The United States Geological Survey recorded a Magnitude 4.4 Earthquake at a depth of 10 km, 26 km to the southeast of Ramhormoz in Khuzestan Province, southeast Iran, at about 2.45 pm local time (10.15 am GMT) on Sunday 6 April 2014. There are no reports of any damage or injuries associated with this event, though it is likely to have been felt locally.
The approximate location of the 6 April 2014 Khuzestan Earthquake. Google Maps.
Iran is situated on the southern margin of the Eurasian Plate. Immediately to the south lies the Arabian Plate, which is being pushed northward by the impact of Africa from the south. This has created a zone of faulting and fold mountains along the southwest coast of the country, known as the Zagros Thrust Belt, while to the northeast of this the geology is dominated by three large tectonic blocks, the Central Iran, Lut and Helmand, which move separately in response to pressure from the south, stretching and compressing the rock layers close to the surface and creating frequent Earthquakes, some of which can be very large.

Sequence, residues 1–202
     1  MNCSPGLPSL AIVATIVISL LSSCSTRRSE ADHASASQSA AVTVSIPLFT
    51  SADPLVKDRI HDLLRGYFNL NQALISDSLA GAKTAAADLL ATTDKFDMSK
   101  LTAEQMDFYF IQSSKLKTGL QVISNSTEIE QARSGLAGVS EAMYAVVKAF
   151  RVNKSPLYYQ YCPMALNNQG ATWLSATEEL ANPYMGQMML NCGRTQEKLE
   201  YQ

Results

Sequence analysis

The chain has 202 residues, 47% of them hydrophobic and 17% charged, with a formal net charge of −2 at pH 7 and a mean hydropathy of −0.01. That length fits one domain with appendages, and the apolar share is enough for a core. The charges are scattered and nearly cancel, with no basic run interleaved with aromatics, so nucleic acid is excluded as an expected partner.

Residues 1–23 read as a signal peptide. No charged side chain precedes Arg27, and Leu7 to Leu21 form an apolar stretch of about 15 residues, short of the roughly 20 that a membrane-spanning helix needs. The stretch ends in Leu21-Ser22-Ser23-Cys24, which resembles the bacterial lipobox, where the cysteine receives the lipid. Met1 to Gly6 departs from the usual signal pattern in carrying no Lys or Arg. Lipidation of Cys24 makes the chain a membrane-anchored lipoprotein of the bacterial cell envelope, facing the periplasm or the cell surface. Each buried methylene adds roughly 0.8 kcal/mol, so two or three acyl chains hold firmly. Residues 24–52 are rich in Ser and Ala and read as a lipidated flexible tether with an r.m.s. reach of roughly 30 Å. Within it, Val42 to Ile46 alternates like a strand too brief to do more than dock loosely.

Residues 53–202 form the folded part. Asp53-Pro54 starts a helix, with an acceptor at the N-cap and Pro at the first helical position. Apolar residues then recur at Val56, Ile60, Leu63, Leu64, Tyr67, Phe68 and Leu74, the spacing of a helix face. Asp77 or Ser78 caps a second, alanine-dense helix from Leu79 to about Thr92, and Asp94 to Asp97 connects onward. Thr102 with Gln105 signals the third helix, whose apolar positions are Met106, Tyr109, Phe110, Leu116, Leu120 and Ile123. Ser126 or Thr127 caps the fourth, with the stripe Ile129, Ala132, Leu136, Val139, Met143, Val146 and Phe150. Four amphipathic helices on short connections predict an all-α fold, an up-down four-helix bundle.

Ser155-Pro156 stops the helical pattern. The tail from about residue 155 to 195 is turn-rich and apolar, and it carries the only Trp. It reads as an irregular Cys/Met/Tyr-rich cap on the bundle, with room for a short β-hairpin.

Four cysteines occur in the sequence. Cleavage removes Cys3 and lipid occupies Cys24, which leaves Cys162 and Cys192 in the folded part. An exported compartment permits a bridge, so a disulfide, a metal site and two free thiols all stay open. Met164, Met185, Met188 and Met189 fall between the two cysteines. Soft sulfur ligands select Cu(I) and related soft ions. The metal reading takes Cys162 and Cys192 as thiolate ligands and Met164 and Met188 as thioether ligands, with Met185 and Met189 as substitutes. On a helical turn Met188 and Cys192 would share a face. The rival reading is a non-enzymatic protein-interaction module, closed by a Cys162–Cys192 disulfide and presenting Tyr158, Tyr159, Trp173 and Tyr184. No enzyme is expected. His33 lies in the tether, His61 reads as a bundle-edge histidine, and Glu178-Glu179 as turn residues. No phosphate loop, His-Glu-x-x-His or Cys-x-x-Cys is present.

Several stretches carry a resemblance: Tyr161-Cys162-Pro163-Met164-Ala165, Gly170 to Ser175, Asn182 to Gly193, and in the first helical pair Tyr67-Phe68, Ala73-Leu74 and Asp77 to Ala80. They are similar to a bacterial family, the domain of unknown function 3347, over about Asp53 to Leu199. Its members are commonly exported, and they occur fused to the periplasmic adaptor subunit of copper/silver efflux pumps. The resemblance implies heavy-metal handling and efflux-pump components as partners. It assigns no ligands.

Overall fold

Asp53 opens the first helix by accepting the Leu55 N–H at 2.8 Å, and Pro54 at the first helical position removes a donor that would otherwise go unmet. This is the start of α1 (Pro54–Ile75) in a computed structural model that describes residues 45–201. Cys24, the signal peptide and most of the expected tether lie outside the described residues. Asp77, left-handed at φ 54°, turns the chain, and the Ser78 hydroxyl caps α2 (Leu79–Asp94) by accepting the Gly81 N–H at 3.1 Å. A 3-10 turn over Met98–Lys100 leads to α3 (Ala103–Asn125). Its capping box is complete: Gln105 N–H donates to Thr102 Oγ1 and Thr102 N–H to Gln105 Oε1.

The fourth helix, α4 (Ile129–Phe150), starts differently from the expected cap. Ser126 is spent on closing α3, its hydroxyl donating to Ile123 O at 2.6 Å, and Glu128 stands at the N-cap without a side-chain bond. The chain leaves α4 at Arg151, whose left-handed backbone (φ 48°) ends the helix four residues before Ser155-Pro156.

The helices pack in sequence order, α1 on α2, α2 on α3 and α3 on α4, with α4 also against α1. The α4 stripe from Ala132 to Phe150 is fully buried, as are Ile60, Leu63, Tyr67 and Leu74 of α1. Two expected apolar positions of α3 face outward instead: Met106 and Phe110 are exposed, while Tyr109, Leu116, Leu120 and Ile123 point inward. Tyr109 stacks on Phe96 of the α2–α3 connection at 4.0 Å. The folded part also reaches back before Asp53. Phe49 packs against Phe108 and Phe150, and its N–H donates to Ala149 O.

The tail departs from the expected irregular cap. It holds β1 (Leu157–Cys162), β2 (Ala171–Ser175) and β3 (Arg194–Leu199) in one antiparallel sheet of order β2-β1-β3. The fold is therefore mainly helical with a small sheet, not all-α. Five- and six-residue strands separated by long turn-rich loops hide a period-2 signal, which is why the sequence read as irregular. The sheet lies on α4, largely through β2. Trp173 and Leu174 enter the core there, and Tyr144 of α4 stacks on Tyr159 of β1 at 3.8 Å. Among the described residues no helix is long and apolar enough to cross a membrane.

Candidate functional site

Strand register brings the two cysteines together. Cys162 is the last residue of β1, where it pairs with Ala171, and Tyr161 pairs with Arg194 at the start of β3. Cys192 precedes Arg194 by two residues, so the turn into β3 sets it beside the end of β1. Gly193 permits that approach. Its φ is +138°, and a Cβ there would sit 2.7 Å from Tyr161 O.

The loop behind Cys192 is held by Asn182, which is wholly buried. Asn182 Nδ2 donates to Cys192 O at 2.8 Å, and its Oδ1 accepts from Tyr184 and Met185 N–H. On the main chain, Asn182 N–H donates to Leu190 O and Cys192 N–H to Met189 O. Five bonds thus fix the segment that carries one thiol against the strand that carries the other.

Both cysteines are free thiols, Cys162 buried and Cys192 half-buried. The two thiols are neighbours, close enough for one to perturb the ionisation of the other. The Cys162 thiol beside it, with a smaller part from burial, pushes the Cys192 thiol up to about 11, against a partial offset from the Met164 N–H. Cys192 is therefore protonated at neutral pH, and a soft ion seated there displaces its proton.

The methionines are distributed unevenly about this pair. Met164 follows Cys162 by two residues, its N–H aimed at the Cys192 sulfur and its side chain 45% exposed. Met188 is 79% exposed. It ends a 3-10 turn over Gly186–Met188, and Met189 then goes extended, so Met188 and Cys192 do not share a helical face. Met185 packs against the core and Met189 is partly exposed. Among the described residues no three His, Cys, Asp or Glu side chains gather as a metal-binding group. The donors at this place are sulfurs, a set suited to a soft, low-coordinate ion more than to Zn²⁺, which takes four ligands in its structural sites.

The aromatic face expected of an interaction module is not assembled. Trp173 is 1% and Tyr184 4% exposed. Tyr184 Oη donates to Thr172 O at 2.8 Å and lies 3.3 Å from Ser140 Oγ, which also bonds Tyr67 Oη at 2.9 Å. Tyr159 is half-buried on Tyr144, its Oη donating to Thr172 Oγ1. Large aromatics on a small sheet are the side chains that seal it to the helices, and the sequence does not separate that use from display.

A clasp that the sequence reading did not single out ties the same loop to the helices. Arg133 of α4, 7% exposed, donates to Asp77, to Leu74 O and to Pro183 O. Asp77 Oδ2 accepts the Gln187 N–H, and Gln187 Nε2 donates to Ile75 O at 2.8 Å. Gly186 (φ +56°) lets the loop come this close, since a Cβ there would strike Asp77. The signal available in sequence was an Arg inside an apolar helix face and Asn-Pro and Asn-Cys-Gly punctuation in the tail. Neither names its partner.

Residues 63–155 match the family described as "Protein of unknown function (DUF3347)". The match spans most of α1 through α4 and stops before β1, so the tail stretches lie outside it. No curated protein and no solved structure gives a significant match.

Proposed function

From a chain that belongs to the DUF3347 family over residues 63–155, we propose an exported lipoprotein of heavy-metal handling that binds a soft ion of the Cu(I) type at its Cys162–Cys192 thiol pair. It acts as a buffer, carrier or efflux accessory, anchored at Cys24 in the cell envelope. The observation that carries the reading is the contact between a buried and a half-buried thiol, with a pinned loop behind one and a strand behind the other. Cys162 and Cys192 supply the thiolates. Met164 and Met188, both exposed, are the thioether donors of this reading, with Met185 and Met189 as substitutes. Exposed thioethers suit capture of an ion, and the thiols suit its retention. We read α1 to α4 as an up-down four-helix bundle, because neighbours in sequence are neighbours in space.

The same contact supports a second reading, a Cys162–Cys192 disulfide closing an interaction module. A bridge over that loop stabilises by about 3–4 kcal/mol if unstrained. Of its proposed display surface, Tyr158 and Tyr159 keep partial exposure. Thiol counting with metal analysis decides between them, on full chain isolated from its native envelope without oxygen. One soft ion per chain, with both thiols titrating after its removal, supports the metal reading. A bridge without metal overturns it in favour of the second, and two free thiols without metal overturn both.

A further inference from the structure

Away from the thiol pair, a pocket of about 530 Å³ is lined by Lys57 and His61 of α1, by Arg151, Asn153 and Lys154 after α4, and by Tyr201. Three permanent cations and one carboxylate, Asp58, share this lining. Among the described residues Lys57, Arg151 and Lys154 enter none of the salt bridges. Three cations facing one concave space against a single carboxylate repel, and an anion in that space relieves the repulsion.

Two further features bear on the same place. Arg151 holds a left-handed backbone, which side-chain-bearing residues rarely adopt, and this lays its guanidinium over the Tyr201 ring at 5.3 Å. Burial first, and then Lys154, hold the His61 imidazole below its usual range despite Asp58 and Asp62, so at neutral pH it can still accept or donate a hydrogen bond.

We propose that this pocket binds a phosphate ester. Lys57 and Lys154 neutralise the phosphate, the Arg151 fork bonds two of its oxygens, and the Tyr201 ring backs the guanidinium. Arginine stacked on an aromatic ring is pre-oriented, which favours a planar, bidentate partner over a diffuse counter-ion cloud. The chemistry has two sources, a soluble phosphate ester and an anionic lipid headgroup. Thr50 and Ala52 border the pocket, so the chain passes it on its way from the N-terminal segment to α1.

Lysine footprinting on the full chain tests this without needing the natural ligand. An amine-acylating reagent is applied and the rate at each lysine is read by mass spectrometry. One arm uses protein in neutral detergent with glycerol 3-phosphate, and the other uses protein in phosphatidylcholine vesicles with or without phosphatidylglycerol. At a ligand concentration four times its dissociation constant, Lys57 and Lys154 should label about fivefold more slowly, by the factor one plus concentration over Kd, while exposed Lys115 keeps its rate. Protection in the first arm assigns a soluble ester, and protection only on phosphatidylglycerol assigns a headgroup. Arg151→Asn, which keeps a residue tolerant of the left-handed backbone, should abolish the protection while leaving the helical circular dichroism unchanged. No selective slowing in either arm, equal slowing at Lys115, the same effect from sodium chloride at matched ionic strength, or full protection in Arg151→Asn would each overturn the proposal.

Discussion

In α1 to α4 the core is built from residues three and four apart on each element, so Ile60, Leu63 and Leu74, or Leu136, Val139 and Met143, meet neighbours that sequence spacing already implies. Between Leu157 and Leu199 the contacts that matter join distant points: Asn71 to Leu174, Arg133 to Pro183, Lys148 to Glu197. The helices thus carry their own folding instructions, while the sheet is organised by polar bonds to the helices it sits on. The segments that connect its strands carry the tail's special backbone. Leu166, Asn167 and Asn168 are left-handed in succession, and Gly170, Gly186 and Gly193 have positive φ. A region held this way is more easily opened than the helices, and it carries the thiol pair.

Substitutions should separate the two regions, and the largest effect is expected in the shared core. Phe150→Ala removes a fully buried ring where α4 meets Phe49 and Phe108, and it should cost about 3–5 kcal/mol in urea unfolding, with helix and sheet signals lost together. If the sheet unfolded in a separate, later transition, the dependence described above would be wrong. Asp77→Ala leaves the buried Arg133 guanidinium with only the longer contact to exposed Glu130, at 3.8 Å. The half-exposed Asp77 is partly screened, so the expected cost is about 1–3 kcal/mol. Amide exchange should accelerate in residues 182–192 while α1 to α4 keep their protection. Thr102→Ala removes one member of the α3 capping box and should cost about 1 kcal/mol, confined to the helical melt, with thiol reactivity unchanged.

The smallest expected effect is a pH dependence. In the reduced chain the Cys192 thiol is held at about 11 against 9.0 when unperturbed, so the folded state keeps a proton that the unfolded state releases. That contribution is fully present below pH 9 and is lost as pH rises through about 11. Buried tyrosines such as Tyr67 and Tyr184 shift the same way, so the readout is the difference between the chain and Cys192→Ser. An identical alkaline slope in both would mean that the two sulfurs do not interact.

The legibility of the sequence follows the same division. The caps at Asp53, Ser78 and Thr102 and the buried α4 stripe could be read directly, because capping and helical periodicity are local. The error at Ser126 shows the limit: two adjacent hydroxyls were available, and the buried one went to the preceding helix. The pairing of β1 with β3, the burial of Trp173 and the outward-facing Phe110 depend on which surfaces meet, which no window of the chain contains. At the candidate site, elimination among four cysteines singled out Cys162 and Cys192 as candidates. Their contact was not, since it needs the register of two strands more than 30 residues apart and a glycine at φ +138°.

The population of Iran is particularly at risk from Earthquakes as, unlike other Earthquake-prone nations, very few buildings in the country are quake-resistant. The majority of residential buildings in Iran are made of mud-brick, a building material particularly vulnerable to Earthquakes as the bricks often liquify, trapping people inside and quickly asphyxiating them with dust. This is particularly dangerous at night when the majority of people are inside sleeping, but it is to be hoped that this quake, which occurred in the late afternoon has caused less casualties than some historic nighttime quakes.
One person killed and around 30 injured following Magnitude 5.5 Earthquake in Hormozgan Province, Iran.
Follow Sciency Thoughts on Facebook.